Mrs. P, aged 63 years, is an energetic and right-hand- dominant grandmother who enjoys woodworking and frequently uses table saws and other mechanical tools. Two years ago, she was cutting wood with a miter saw in her basement when she looked down on the ground after “feeling something” and saw her hand and part of her arm lying on the floor.
Instantly, she crawled upstairs, looked outside, saw someone, and called out for help. A stranger walking by came to her assistance. While applying direct pressure to Mrs. P’s residual limb, the good samaritan called 911.
The paramedics arrived quickly, wrapped the limb in nonadherent sterile gauze dressing, and continued to apply pressure to control the bleeding. An IV solution of sterile saline was initiated as well.
Mrs. P arrived in the trauma bay less than one hour after sustaining her injury. The medics did not bring the amputated limb to the emergency department (ED). A next-door neighbor placed the limb in a plastic bag before following the medics to the ED and giving the amputated limb to the trauma staff (Figures 1 and 2). The limb was then irrigated with sterile saline, wrapped in saline-soaked sterile gauze, placed in a plastic bag, and put in a tub of ice.
Mrs. P’s medical history was positive for hypertension, but she had stopped taking her medication because of the high cost. She had an otherwise unremarkable medical and surgical history. She denied drinking alcohol or taking illicit drugs, and her toxicology screen was negative. Mrs. P’s history was positive for tobacco use (one pack day for more than 30 years). The patient also reported that she drank several cups of coffee per day and ate chocolate almost daily.
On examination, Mrs. P was alert and oriented but slightly lethargic due to pain medication administered in the ED. Her vital signs were stable but slightly hypertensive. Her lungs were clear, and her heart rate, heart rhythm and ECG were normal. Serum lab tests and urinalysis were normal.
The amputated hand was appropriately preserved, and at the one-hour mark, the fingertips were just slightly dusky. Both distal and proximal edges of the amputated arm were ragged with exposed bone.
Treatment in the trauma bay consisted primarily of ruling out any other injuries, inserting a Foley catheter, updating Mrs. P’s tetanus immunization, and administering IV antibiotics and aspirin. A hand surgeon outlined two possible treatment options and described the risks and benefits of both.
The first option was a revision amputation that would be completed mid-forearm. Mrs. P would eventually need a prosthesis, which might be unaffordable given her limited budget. The second option was a replantation. This would require Mrs. P to consent to a long surgical procedure, make a firm commitment to change her dietary habits, immediately quit smoking, and agree to long-term intensive therapy sessions.
Mrs. P was adamant in her decision: She wanted to try to save her arm, no matter the outcome, and she would do whatever was asked of her in return.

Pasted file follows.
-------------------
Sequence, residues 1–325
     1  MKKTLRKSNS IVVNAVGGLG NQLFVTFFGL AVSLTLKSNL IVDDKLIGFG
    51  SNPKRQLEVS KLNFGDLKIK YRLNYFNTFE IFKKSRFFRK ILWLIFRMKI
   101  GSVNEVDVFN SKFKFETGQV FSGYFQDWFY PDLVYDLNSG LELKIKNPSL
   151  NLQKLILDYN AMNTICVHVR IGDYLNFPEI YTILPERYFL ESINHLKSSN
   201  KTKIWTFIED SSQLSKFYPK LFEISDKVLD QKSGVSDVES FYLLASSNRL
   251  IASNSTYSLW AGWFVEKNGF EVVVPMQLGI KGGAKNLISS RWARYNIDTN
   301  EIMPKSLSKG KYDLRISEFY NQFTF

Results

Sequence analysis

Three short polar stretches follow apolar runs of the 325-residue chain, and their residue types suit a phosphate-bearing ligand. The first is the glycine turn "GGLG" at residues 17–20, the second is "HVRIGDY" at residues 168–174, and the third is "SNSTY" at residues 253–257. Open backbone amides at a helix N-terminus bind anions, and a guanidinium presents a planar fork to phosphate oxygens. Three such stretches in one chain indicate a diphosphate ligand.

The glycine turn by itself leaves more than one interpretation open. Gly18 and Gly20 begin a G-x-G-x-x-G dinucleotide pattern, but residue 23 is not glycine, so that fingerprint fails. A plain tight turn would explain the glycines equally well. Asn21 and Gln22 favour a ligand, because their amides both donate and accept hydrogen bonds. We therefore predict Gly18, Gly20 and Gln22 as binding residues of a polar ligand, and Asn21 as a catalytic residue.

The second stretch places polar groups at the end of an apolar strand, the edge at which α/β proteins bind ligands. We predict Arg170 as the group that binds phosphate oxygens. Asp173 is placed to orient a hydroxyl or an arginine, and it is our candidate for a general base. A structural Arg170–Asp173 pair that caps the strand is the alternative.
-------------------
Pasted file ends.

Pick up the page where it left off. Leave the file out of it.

3. Surgical course
The patient was taken to the operating room (OR) to begin what became an eight-hour procedure. Surgery was prolonged in part due to two episodes of arterial thrombosis that were likely attributable to Mrs. P’s smoking. General anesthesia was initiated along with a brachial block. Standard prepping and draping procedures commenced.
The radius and ulna were initially stabilized with plate-and-screw fixation after trimming, shortening, and realignment (Figures 3 and 4). Surgery continued with tendon repair using both Teno Fix (an intratendinous soft-tissue anchoring device) and cruciate-X suture methods. The 3-cm shortening of the bones helped with the repair. The Teno Fix tendon-repair device results in lower rupture rates and similar functional outcomes when compared with conventional repair.1 Teno Fix was utilized in four locations.
The basilic vein was then repaired end-to-end using a microscope and microsurgical instruments. Once this repair was completed, the ulnar nerve and artery were repaired. The remaining tendons, including the sublimus, brachioradialis, and extensor tendons, were repaired next. Reduction and pinning of the proximal interphalangeal joints of the fingers was carried out to prevent early contracture caused by the loss of intrinsic muscle function.
Controlled motion (passive and subsequently active) is necessary to prevent: (1) rupture of repaired structures, (2) tendon adhesions, and (3) joint contractures. Loose closure was carried out, noting no constriction at the transection site. A dressing and splint were applied to the wound.
The patient was transported to the post-anesthesia care unit, and her hand was elevated at heart level. She was started on an IV heparin drip to maintain vascular patency after the declotting of the arterial thrombosis. Warming lights were used to keep the extremity warm as well.
Mrs. P’s hospital stay was uneventful. She was discharged on postoperative day 4. At that time, occupational therapy was already in progress, and range-of-motion exercises had been initiated. At home, she maintained her strict caffeine-free diet (including abstaining from chocolate). She stopped smoking and took aspirin as instructed (81 mg per day for two months).
With each clinic visit, motion improvement has been shown (Figures 5 and 6). Mrs. P was extremely compliant with her occupational therapy. Her neural/sensory recovery progressed, and gabapentin (Neurontin) was initiated for burning pain, which subsequently abated.
4. Replantation outcomes
Survival of an amputated upper extremity is a difficult outcome to achieve and is dependent on microvascular patency of the arteries and veins.2 Ultimate function is determined by the outcome of the tendon, nerve, bone, and joint repairs.
This article originally appeared on Clinical Advisor